Jason (jcreed) wrote,

Linkdump of a bunch of open tabs about the design of efficient gears and mechanisms and things, since I've been noodling around with the 3d printer at work a little. Having it physically right next to me and free to use is hugely different from being aware that shapeways exists and can ship me a thingy in a week or two.


The math of gearing is pretty interesting, except I always seem to find it written in Red-Rubber-Ball-Table-Engineer-style, which tells the narrative of known results in almost exactly the opposite order that I, wearing my incorrigibly cranky Research Mathematician hat, want to hear: answer first, interesting properties of answer maybe second, explanation of what's really going on and why buried in a footnote if you're lucky.

If I reaaaally just wanted some involute gears, I could just run the black-box involute-gear plotting program, sure. But the anxiety of possibly in the future wanting to do something slightly different than the stock answer drives me absolutely batty. I wanna know how it works, I wanna know why the involute curve is the unique curve satisfying desirable properties X and Y and Z, I wanna generalize it, maaaan.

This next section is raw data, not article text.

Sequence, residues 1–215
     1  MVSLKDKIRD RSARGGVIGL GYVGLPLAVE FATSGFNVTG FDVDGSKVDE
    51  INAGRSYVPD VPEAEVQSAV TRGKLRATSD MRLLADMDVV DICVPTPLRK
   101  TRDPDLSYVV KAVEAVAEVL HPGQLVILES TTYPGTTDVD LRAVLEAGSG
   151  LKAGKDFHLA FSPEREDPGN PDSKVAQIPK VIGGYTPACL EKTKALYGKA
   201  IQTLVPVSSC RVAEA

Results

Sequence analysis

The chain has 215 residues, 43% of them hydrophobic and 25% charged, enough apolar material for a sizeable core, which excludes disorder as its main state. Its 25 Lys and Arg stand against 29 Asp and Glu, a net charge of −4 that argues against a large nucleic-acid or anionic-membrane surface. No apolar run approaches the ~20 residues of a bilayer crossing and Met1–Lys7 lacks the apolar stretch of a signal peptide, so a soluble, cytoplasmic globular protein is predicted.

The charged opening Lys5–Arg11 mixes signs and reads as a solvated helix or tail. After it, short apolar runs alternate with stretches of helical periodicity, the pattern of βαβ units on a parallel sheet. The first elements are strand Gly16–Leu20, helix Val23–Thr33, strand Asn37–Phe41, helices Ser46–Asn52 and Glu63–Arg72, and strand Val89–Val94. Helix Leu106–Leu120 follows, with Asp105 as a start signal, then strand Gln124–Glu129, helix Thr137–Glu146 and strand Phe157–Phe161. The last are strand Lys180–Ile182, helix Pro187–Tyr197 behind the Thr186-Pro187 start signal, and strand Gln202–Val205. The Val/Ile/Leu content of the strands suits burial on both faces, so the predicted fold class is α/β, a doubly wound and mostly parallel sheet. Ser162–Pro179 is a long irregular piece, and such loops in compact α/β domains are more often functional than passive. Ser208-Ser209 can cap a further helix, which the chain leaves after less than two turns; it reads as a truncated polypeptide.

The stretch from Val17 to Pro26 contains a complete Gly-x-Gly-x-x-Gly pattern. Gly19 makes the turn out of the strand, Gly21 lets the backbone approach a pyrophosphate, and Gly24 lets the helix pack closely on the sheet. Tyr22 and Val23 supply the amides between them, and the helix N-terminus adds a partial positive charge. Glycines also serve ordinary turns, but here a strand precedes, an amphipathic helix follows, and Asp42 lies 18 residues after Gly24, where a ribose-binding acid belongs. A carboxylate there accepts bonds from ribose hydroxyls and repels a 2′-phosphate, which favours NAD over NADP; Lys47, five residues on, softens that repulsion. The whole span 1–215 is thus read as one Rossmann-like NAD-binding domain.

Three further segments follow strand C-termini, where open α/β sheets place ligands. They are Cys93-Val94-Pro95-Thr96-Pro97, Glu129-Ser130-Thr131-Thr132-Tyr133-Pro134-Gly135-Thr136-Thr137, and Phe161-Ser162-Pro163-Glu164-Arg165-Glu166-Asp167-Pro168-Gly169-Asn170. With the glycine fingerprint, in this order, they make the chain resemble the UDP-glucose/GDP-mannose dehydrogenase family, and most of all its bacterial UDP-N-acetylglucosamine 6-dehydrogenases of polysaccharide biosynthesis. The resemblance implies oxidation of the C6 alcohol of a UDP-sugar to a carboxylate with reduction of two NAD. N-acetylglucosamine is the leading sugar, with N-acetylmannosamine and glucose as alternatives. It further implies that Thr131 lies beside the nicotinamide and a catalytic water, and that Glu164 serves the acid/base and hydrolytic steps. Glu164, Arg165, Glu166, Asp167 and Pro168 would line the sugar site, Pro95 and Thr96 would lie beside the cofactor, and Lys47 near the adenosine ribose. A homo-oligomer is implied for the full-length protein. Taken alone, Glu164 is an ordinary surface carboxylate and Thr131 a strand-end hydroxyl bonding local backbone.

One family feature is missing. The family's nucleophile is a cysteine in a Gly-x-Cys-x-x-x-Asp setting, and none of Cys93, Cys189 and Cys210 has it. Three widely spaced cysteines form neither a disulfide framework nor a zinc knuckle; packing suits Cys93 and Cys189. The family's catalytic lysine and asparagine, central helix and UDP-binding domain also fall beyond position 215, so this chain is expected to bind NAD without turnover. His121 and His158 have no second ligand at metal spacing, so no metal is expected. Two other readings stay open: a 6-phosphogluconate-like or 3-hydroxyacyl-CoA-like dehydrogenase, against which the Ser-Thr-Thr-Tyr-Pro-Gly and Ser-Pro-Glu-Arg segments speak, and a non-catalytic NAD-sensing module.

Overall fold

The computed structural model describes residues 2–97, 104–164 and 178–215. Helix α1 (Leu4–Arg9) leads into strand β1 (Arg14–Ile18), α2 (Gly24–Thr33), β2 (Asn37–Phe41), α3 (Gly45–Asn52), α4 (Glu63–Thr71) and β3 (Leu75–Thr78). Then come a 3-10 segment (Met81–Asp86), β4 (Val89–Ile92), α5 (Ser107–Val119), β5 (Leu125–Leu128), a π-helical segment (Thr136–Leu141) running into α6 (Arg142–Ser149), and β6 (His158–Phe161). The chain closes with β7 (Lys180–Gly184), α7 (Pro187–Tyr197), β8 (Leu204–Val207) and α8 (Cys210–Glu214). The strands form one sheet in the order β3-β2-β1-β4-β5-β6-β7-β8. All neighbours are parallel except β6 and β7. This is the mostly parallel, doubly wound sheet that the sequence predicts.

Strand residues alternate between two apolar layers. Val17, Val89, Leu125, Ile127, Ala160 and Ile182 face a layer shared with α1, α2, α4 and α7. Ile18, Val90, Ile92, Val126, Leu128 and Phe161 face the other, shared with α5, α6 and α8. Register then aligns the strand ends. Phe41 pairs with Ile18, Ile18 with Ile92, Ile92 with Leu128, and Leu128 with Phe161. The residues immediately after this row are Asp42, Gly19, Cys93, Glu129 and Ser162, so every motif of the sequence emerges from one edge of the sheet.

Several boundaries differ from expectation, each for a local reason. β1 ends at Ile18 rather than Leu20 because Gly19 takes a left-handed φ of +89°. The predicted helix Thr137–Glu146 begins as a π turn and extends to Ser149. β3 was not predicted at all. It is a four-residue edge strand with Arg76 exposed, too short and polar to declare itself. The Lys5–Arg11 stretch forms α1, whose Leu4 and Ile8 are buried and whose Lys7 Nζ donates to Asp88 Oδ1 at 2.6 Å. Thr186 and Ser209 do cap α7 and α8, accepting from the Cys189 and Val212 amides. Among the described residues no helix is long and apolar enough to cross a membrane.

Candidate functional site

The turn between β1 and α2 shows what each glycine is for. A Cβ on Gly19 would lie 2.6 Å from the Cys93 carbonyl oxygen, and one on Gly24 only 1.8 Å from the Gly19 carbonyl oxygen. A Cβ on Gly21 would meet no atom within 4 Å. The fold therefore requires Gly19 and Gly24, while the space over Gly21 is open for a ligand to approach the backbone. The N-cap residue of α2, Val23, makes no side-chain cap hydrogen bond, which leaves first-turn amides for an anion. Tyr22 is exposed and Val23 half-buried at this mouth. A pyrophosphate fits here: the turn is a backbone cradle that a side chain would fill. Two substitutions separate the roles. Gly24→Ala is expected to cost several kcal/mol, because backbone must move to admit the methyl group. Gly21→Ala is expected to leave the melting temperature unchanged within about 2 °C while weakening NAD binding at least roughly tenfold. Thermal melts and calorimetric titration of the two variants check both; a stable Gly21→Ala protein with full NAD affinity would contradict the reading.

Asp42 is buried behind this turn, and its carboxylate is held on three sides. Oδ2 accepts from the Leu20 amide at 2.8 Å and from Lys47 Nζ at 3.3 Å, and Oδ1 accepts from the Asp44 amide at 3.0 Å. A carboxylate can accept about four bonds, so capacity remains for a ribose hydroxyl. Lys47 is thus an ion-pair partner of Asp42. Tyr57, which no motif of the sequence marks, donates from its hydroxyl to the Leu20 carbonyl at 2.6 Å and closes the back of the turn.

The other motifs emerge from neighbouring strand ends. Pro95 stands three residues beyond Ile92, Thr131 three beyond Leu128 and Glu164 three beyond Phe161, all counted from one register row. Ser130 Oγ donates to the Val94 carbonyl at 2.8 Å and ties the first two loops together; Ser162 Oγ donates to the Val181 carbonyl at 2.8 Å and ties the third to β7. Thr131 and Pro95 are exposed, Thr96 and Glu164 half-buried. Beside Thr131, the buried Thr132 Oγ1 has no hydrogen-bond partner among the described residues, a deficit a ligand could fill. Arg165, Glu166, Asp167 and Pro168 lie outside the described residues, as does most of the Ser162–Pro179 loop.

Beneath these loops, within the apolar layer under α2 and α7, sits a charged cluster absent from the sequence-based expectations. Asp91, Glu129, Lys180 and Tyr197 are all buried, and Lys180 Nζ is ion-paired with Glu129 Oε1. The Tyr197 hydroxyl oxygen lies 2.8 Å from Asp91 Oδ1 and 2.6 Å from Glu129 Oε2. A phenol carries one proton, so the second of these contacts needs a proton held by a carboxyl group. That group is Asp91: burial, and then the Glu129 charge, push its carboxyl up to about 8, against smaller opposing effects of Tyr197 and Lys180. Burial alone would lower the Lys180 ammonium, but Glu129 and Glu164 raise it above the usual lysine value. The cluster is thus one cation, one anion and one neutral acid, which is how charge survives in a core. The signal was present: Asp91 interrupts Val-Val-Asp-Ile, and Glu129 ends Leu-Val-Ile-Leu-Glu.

Anyway I have reconstructed a ~50-75% satisfying answer to most of the particular questions that were bothering me. The "line of action" arises pretty naturally from some calculus and demanding that gears only slip and do not interpenetrate while undergoing constant rotational rate. If you assume the rack of a rack-and-pinion has trapezoidal teeth (which makes sense, since a rack is an infinitely-big gear, and teeth seem to get flatter the bigger the gear) then an involute curve is exactly what consistently engages a rack-tooth along the line of action as it moves. I'm missing only understanding why the addendum height is what it is, but I assume that some visualization might help me guess exactly what thingy it's maximizing.
Tags: gears

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